No. 24 | Urban sense: Excavating the Future


In the February edition of The Santa Fe New Mexican’s Home Magazine, I reflect on the balance between preserving the historical essence of Santa Fe and accommodating growth and modern needs, emphasizing the importance of communal memory, the environmental and cultural impacts of maintaining old structures, and the potential for urban architectural dialogue between old and new buildings. Urban Sense.


Read the Article:

Our historic city is part of our everyday culture. Even so, as steeped in history as we are, our city, any city, needs to make room for future generations, future relations, future connections. This allowance for growth—and change—allows for the evolution of a city, for how we live, even for the evolution—and maintenance—of our style. Santa Fe continues to welcome—and benefit from—people who move here to escape the regular American life. And as we know, some change what they find more than others. Our historic city has become desirable.

In order to change, to design what we might want the city to be, we have to know what it was so that we can understand what it is. And we must understand our intentions to change it. Where are the memories of our community held? Is there a presence or a place where the memories of our community are more felt or seen than others? How can we as a community identify these places in which we hold our communal memories? Should they be preserved even after the people who remember that place as it was are no longer on this earth? Will the new community members honor the old memories by preserving the place itself? Would a replica suffice? If a building— or a tree, or a garden—holds the memory, if one of those is removed, what happens to that memory, to those acts of preservation? And who decides, or how do we decide on a shared heritage and values? Is it what ends up being left over, long after the context that gave those buildings meaning is gone?

Perhaps one makes the decision to pursue certain kinds of projects so that authorship is assured, i.e., I did this. Or we choose the design of the fabric, the background. If buildings, neighborhoods, etc. are only reused, never destroyed, does that liberate the architect from the responsibility of authorship, leaving only projects that are truly collaborative, and judged by whether they are divorced from, or in union with the earth and its humans?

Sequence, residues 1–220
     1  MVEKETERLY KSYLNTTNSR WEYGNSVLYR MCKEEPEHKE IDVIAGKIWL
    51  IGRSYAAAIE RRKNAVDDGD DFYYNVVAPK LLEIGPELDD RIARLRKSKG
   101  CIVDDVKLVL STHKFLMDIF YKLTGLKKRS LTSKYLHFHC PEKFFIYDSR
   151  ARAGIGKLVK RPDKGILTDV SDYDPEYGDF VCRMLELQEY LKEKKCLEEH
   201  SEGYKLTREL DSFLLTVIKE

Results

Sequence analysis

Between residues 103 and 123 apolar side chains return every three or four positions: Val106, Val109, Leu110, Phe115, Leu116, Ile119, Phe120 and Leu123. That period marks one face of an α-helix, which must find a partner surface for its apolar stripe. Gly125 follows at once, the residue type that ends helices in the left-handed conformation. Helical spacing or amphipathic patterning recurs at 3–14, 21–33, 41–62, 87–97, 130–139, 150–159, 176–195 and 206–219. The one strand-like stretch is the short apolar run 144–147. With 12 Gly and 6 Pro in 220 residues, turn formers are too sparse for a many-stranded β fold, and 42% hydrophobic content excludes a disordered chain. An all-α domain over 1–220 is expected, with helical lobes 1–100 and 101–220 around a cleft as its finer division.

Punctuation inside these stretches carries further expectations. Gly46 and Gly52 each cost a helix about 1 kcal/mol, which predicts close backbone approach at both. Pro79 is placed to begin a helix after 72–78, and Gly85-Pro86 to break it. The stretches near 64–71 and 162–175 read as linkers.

Is it better for the environment, for culture, for tradition, for our shared heritage to preserve and maintain—and protect—so-called outdated buildings? If we do, do we end up with better (old) buildings or better (new) buildings?

The exterior of the Concha Ortiz y Pino building, which is named after a 1930s lawmaker who was an advocate for the arts and bilingual education.

This goes back again to context: if we do choose to keep “outdated” buildings, at the expense of newer buildings that better serve the community or that keep up with the forward-looking goals of the City and its newcomers—or if we keep these older buildings but put up newer ones around them—do these old and new structures complement each other? Do they play off one another in a way that creates an urban-architectural dialogue—one where the buildings seem to be in conversation with each other? Or does this juxtaposition only exacerbate the outdatedness of the older buildings—or, vice versa, does it point out the banality of the newer ones? Is there a way for these buildings to communicate at all? Should they? Or does progress always entail the razing of the old and the construction of the new?

One such dilemma is already upon us. The fate of the four houses and remaining garages across from the state capitol, built as rental houses a block away from the former Capitol Building, are once again slated for demolition so that the State can build an office building close to the current capitol. These houses were part of a neighborhood that has slowly disappeared over several decades, mostly from demolition by the State. But as the City grew, its urban planners decided to punch through the east side neighborhoods with Paseo de Peralta, in order to give easier access by car to the newly built hospital, and to relieve traffic issues close to downtown. All of this, of course, led to further separation of the houses from the residential Don Gaspar neighborhood. The two-story Concha Ortiz y Pino building, designed by Willard Kruger in the Territorial Revival Style, is also slated to be demolished. (This, after several other houses were demolished earlier in order to make way for the Concha building and its parking lot.)

The questions, though, remain: Should the values of openness, diversity, variety, serendipitous connections be allowed? Should the State Capitol and the surrounding buildings be more of a campus or should it be more integrated into the neighborhoods that surround it? Should governmental buildings, mostly office buildings, become and be their own island, forever defensibly minded with off-putting and anti-neighborly jersey barriers, or fences, or walls or security cameras? Do we allow buildings that don’t fit into the campus organizing principle to dictate how spaces are used, and in particular, how we use the space across the street from the most important building in the State?

And given what takes place in that most important building—conversations, dialogue, debates, decisions affecting Santa Fe and New Mexico and all its citizens—shouldn’t it, too, its architecture and the architectural meanings in it and of all the structures around it, somehow foster those same activities: conversation, debate, dialogue. And, well, colloquy. Colloquy not merely as a conversation but colloquy in all its spiritual connotations too.


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